Wivenhoe Dam was built on the Brisbane River, about 80 kilometres from Brisbane. It was designed by the Water Resources Commission and built in 1984.
The dam was built for the dual purpose of providing a safe and reliable water supply for the region and flood mitigation.
Wivenhoe Dam has a total storage capacity of 3.132 million litres. At full supply level, it will hold 1.165 million litres, or about 2,000 times the daily water consumption of Brisbane. During a flood, Wivenhoe is designed to hold back a further 1.967 million litres on top of its normal storage capacity.
Read our fact sheet How dams work for more information.
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Lake Wivenhoe is a very popular recreation destination, with a wide variety of activities and facilities available. There are a number of recreation areas at the lake, including Billies Bay and Hays Landing, Cormorant Bay, Hamon Cove and Logan’s Inlet.
Billies Bay and Hays Landing
- Located on the eastern side of Lake Wivenhoe
- Double lane boat ramp
- Designated swimming area
- Fishing and paddling permitted.
Download the map [7MB]
- Download our Wivenhoe Dam Recreation Guide [7MB] to take with you or pick one up at the Fernvale Futures Centre, Esk Visitor Information Centre or Kilcoy Information Centre.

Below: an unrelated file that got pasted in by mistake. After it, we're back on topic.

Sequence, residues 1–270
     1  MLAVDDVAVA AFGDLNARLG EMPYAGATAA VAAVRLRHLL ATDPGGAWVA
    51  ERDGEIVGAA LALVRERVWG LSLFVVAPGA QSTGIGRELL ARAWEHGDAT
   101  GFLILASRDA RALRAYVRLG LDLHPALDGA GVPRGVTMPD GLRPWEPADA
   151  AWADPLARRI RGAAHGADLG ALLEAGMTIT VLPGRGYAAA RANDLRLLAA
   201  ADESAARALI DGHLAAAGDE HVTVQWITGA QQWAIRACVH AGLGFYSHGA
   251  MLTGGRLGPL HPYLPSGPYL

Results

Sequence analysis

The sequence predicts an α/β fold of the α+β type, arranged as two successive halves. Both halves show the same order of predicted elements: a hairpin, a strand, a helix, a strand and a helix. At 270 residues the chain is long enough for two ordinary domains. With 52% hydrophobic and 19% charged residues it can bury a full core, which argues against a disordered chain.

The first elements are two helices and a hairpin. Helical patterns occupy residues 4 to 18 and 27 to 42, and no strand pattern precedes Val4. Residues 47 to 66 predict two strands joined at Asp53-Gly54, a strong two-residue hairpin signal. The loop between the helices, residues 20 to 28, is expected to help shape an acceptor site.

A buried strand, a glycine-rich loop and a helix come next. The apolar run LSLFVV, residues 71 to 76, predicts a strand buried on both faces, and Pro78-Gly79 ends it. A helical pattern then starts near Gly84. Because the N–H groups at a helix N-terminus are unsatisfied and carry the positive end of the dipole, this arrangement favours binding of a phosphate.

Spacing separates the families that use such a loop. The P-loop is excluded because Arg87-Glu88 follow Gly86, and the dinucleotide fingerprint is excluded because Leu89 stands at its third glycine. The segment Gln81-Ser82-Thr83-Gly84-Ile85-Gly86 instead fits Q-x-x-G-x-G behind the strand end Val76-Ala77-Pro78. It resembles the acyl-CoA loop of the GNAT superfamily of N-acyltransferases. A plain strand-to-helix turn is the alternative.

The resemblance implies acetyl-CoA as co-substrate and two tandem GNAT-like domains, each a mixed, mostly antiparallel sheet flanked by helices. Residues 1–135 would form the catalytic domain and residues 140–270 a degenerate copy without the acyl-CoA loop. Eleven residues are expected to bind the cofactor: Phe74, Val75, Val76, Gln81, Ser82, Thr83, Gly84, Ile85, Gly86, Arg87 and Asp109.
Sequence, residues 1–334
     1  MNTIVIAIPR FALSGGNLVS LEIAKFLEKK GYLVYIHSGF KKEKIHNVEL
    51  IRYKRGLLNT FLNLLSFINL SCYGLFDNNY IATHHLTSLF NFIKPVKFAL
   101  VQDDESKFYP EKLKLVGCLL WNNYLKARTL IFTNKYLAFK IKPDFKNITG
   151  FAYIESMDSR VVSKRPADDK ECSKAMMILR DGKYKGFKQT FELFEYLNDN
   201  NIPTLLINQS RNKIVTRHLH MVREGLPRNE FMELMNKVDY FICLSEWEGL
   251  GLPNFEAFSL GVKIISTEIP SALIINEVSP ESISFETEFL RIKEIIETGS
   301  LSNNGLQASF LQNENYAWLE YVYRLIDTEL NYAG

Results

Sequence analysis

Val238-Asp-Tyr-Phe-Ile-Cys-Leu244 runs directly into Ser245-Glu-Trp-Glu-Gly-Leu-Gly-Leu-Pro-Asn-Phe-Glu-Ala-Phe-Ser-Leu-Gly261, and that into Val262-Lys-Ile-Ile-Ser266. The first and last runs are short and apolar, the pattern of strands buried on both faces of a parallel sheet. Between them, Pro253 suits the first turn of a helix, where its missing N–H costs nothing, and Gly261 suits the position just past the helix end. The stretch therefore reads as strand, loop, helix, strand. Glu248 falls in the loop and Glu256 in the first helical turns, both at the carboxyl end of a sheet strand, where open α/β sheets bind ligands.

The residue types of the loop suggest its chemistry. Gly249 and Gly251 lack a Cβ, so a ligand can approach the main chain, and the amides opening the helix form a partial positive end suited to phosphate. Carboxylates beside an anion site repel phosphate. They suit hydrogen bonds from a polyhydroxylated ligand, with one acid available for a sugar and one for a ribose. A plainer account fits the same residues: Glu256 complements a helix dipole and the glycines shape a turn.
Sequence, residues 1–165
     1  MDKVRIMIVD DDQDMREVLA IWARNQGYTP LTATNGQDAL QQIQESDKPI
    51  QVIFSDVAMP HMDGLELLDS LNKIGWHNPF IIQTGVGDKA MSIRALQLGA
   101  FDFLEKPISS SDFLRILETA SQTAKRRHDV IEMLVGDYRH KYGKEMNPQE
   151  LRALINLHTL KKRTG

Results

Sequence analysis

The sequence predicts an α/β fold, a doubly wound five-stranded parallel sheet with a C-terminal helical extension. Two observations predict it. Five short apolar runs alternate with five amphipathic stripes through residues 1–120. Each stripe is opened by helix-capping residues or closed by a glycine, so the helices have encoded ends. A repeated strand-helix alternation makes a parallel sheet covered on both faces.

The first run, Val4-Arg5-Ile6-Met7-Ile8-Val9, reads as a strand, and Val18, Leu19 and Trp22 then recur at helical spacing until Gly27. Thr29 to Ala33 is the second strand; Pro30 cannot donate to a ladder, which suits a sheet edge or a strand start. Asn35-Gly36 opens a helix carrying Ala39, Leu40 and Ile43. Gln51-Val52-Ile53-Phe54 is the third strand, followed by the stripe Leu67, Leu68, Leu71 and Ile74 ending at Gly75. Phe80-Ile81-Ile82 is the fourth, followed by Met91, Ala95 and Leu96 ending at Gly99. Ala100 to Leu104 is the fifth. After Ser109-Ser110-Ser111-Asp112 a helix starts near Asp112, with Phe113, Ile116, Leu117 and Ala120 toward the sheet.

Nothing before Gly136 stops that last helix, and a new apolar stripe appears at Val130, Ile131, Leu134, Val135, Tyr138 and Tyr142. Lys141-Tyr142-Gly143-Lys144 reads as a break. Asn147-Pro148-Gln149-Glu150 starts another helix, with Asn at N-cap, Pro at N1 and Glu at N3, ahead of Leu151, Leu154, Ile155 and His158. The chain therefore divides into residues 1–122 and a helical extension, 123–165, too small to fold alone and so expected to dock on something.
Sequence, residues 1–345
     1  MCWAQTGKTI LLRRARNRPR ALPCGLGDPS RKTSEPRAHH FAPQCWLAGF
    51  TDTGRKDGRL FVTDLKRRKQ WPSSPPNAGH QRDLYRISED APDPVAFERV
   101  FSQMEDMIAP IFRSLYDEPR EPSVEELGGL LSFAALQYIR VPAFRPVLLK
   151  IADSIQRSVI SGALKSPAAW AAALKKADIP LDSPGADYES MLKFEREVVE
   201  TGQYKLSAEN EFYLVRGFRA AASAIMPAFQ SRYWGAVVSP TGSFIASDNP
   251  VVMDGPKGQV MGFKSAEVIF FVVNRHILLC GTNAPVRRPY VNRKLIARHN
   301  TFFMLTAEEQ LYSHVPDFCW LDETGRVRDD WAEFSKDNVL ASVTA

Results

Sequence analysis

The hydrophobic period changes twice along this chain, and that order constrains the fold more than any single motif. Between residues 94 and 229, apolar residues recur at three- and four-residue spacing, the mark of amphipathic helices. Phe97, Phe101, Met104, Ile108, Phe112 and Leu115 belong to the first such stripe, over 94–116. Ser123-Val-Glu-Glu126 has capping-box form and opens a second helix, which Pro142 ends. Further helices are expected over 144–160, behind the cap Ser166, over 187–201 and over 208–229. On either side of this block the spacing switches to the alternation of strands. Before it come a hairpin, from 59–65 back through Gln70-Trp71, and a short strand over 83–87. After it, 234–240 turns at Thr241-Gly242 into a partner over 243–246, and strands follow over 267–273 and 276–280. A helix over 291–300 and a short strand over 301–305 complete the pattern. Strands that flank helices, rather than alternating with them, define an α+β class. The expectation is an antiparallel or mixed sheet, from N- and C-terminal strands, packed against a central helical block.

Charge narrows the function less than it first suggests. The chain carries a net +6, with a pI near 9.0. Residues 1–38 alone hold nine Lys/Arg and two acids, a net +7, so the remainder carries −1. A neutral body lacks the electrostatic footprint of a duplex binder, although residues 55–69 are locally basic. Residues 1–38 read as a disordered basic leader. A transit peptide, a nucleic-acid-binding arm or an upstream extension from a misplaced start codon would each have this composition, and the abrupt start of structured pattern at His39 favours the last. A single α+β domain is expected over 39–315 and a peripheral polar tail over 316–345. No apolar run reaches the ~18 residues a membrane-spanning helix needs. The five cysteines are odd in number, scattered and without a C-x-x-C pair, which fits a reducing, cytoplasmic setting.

- Download the Wivenhoe Hill Trails guide for information about the 16km multi-use trail and a trail network map.
Wivenhoe Dam houses a pumped-storage, hydro-electric generating facility. This power station is situated between Splityard Creek Dam and Lake Wivenhoe.
During the pumping phase, the generator will operate as an electric motor driving the pump to lift water from Lake Wivenhoe to the upper storage of Splityard Creek Dam. When peak electricity demand occurs the flow of water is reversed, flowing from the upper to the lower storage and driving the turbine generator to generate electricity.
The pumped storage power station consists of two circular concrete silos, each of about 32 metres internal diameter. Each of the silos house a 250MW turbine generator and pump set. The power station is unmanned and is controlled remotely from the central operating centre for the Queensland power grid system. All aspects of the operation are monitored by computers within the centre. Twin 275KV transmission lines connect the power station to the State’s grid system.